Barber’s snap count jumped to 39% in Week 9. He rushed 11 times for 34 yards and caught two of three targets. Sims logged two targets and 0 rushing attempts.

Barber was fairly productive at Auburn before coming into the NFL. He is only a 51st percentile SPARQ-x athlete, but he does offer a broader skill set than most other backs on the roster.

Mack Hollins (WR – PHI)
The loss of Zach Ertz sent a bunch of targets scrambling to find new owners in Week 9. And Mack Hollins – a preseason darling this year – caught some of them. He has seen a 4% increase in his targets over the last two weeks in all.

While a 6.7% target share isn’t anything to get too excited about it’s still a positive indicator for a player who did catch fire both in the preseason. He runs a 4.53 40-time according to Drafted by the Eagles in the fourth round of this year’s draft Hollins is an older rookie (24) with a rough  (29th percentile College Dominator) college profile.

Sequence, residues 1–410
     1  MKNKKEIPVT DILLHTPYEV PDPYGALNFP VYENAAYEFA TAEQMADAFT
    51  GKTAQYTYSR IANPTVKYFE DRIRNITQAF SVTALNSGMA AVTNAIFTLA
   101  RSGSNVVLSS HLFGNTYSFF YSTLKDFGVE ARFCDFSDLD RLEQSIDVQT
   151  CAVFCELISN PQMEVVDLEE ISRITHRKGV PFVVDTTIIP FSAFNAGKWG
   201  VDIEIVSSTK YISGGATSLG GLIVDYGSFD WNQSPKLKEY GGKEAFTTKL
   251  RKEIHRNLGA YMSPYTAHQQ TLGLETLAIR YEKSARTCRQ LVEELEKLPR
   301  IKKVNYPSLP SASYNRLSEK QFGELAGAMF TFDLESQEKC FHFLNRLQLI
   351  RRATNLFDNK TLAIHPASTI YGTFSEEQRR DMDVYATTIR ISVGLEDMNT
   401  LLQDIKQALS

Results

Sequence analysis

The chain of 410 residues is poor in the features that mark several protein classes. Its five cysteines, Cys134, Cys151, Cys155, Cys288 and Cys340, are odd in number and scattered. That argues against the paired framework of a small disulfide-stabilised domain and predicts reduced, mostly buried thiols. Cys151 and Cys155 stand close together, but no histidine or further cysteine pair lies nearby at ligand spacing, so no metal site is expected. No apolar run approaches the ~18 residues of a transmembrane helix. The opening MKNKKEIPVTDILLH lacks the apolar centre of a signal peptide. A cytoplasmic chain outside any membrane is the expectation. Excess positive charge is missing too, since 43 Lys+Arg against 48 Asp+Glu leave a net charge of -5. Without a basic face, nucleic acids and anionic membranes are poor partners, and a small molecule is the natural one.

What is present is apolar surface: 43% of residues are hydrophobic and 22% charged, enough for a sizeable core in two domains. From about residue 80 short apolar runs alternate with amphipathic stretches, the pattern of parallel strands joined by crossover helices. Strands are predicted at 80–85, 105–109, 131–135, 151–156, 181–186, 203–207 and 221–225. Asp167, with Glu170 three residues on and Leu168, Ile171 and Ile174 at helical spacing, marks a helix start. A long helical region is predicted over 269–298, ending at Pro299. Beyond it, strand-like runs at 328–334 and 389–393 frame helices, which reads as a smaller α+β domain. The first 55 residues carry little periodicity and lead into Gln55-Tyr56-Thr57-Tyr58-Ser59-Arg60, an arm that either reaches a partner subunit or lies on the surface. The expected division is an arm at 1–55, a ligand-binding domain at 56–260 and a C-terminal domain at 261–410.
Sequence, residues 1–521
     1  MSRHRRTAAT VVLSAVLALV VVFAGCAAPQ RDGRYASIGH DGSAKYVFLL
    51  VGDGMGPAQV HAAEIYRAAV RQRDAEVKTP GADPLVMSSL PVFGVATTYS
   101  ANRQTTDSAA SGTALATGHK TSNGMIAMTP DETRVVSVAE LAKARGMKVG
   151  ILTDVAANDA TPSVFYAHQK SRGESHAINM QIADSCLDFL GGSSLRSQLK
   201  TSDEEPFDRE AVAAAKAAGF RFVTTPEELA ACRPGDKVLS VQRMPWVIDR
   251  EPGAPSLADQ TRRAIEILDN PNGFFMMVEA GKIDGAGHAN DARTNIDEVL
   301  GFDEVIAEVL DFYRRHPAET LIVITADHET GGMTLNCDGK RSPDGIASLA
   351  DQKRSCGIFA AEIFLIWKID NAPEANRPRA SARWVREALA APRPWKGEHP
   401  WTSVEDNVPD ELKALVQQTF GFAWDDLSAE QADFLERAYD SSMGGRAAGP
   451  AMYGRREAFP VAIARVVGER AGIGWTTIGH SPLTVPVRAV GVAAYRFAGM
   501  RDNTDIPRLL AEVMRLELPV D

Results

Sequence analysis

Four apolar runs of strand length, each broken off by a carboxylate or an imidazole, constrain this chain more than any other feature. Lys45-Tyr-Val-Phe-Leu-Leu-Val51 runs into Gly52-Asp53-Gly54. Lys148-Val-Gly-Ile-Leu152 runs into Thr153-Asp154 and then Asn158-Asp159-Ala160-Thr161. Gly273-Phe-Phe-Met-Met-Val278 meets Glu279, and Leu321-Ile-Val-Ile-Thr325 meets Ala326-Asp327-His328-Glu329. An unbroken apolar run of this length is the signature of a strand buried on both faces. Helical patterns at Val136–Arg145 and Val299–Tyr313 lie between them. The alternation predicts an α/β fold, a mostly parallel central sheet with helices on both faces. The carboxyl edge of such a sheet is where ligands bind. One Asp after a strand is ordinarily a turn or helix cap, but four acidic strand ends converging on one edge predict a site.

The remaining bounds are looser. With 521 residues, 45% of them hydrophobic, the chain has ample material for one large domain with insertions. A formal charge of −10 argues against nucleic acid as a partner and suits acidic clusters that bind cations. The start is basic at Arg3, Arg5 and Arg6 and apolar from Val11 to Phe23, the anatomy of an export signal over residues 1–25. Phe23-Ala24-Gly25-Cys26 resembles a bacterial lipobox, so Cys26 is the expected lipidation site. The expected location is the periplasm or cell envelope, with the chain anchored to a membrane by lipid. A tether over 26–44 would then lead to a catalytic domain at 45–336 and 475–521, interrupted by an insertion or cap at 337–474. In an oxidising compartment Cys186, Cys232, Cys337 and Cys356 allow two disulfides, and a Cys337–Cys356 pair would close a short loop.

But I’m always interested in “hot name” players after the initial buzz wears off. His original ownership and interest surged this preseason. That could make it easier for his value to jump if he sees any production.

Chad Hansen (WR – NYJ)
There’s no reason to get excited about Chad Hansen, but he is someone I’m going looking at going forward. What caught my eye this week was that his snap share had increased again, making it a four weeks trend culminating in a 48% snap share in Week 9. He is yet to record a single target, however.

Snaps are the “empty calories” of volume while targets are the real meat you want to pay attention to. However, any work for any 22-year-old fourth-round pick is going to peak my interest, at least a little. Hansen is 6’2″ tall and 202 lbs.

He has decent but not great measurables that peak at an 85th percentile Agility score and a 67th percentile College Dominator rating. With his agility, size, and college production he could make an interesting slot receiver for the Jets moving forward.